For a long time this innate longing to hear stories and experience cultures different from my own was real. It still is today. Yes, I acquired understanding and perspective through good books over time. But as a photographer I want to see. To add visuals to the layers detailing a place or a person.
I have not done a lot of international travel and I have not seen nearly as far to the ends of the earth as I would love to. Still, I am fortunate for the unique places I have been. Killarney, Lake Superior, Halifax + Nova Scotia in Canada as well as Cairo, Alexandria + El Gouna in Egypt.
During quarantine I managed to sort through boxes of photographs and negatives from the past 20 years. I found travel photographs reflective of a timid photographer–shooting through windows, capturing drive-by photos that couldn’t possibly sum up any sort of feeling or understanding of the people or place they mirror.
Still, I understand that they are part of what brought me to my work today.
As my experience with photography has grown, it rings true that "less is more." Photographer Sally Mann says in her book Hold Still: A Memoir With Photographs,
I believe that photographs actually rob all of us of our memory.
I have been contemplating this a lot lately. Thinking of the legacy of photographs I will someday leave behind, I have come to understand there must be a balance between capturing life in a nostalgic way, while not capturing so much that I become less present. Or so that my boys don't have their own unique experiences of childhood preserved without my visuals of it. Rather than trying to capture full events, my photos focus on specific details + moments strategically conjuring up memories of a specific person or season of ones’ life. Mann also wrote,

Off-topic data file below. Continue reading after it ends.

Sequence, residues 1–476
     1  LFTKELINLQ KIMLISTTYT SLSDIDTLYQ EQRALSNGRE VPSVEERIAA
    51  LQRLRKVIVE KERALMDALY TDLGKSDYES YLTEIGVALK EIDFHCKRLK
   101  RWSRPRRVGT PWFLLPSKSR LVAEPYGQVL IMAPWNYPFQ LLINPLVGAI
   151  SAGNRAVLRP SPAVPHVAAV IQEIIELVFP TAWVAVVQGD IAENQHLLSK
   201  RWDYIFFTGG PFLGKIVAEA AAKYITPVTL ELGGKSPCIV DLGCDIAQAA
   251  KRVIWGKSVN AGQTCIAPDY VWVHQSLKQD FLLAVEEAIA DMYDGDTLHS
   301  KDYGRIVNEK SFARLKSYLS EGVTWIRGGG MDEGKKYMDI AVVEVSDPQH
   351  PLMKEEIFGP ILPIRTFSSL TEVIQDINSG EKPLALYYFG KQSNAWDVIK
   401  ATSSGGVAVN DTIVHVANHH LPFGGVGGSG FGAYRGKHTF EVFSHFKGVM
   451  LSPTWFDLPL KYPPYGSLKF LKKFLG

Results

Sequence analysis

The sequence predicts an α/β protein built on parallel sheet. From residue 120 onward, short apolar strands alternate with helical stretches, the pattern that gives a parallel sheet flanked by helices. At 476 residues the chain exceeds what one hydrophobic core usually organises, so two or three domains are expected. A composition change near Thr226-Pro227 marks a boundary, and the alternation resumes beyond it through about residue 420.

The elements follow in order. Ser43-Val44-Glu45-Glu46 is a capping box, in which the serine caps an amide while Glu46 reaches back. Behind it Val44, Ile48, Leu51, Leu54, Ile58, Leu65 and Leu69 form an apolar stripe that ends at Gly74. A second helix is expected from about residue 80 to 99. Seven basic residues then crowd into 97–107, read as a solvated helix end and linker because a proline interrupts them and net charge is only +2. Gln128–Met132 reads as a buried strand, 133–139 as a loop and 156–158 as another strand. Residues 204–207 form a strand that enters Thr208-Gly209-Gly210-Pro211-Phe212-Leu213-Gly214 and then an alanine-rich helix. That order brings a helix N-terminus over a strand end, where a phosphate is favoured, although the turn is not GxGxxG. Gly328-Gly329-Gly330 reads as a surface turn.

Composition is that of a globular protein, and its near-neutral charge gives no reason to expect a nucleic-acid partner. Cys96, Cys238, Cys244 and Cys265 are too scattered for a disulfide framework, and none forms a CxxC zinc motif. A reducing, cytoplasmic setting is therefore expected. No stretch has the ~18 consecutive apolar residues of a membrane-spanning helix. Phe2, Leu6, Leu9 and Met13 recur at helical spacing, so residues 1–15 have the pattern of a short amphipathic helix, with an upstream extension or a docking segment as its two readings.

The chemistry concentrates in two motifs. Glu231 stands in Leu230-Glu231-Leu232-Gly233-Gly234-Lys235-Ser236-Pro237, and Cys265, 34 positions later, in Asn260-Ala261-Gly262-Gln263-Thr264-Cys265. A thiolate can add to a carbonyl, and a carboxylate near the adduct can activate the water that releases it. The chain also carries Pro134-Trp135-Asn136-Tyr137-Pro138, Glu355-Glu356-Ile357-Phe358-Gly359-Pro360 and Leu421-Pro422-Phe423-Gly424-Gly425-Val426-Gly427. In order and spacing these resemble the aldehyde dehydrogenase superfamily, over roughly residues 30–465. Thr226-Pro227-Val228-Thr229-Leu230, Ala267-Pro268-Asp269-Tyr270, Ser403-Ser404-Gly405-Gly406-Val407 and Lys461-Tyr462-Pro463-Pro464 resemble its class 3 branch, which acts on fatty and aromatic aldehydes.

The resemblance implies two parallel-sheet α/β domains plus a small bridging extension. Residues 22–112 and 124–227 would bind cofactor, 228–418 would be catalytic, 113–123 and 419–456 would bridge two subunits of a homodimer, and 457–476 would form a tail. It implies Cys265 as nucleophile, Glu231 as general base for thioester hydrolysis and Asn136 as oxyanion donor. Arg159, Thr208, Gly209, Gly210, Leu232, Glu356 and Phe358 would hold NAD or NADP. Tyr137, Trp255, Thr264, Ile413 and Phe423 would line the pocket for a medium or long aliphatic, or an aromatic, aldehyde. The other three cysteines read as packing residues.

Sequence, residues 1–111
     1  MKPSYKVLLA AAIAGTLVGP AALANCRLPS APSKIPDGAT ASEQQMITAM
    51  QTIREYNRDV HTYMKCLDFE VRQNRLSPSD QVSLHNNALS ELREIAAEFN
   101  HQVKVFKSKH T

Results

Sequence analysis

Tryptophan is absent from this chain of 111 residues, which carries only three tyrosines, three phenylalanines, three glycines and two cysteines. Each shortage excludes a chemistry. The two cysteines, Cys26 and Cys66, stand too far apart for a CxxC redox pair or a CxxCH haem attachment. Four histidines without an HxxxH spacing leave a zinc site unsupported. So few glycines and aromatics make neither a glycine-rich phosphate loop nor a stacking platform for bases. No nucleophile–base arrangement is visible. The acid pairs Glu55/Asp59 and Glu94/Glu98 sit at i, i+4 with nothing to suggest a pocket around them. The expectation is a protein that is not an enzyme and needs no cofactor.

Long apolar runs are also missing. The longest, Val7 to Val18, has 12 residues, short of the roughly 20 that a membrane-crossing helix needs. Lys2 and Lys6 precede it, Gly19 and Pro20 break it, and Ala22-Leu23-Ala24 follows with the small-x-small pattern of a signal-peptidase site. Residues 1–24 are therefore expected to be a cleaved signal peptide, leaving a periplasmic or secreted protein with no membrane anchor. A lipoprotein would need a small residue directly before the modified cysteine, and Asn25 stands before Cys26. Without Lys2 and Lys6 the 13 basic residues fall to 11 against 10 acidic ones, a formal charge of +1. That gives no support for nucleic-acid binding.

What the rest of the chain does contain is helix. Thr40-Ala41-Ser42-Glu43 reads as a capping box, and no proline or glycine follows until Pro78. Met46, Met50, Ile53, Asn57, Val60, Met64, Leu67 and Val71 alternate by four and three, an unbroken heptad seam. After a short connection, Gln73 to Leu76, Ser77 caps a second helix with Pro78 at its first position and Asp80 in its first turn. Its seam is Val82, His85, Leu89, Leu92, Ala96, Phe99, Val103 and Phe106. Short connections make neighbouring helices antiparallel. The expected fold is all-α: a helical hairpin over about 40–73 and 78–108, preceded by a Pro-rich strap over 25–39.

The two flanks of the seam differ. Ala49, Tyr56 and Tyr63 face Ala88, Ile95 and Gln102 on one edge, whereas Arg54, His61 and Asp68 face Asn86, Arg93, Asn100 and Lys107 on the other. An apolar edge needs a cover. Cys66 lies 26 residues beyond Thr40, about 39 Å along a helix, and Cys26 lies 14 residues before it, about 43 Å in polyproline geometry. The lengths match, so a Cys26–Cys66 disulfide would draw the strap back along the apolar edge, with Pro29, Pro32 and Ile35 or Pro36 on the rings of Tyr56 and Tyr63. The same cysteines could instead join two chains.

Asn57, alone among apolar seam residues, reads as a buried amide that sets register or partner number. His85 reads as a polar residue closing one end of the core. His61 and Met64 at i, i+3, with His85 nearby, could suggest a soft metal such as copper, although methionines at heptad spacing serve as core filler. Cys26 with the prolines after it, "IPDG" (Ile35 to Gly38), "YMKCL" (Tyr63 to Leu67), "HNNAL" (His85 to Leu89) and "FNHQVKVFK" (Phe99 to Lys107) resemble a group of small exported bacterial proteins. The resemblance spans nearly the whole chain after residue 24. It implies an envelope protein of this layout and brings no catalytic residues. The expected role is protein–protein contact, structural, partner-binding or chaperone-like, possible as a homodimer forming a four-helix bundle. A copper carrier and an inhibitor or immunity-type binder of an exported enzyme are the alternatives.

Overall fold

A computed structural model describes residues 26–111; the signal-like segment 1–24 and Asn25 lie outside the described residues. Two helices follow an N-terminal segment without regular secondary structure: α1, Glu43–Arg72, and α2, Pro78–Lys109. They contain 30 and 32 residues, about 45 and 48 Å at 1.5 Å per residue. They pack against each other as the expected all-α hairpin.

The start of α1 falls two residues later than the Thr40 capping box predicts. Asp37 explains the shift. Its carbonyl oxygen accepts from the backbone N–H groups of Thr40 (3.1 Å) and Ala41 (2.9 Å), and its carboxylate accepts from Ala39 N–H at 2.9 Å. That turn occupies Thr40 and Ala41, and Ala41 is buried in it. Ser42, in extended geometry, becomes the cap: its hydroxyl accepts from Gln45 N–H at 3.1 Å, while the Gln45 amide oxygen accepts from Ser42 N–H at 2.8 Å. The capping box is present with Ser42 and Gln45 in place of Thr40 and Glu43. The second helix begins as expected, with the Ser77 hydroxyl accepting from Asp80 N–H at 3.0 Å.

I tend to agree with the theory that if you want to keep a memory pristine, you must not call upon it too often, for each time it is revisited, you alter it irrevocably, remembering not the original impression left by experience but the last time you recalled it. With tiny differences creeping in at each cycle, the exercise of our memory does not bring us closer to the past but draws us further away.
The mini photo story I put together with film photos includes the poem "Travel" by Robert Louis Stevenson. I love the way the poem addresses actual travel as well as a boy's dreams and stories about new places he hopes to one day encounter.
You may not have made the conscious decision to homeschool as I did before quarantine began. You may feel forced and stuck into this difficult new balance of work, home life, alone time, and teaching! But give yourself grace and remember how much of life is learning without ever opening a textbook. I hope in this season we can take advantage of slower days and less noise–a sort of a reset in listening and exploration of our own love of life.
Hi. I'm Suzanna.
I like running outside, eating real food and crafting beautiful images. I am captivated by documenting everyday life–revealing what authentic, adventurous and lovers of life we all are.
Life is full.
Sign up for my newsletter, PRISM, for creative inspiration to remember the details that count.
Look for a new PRISM in your inbox very soon.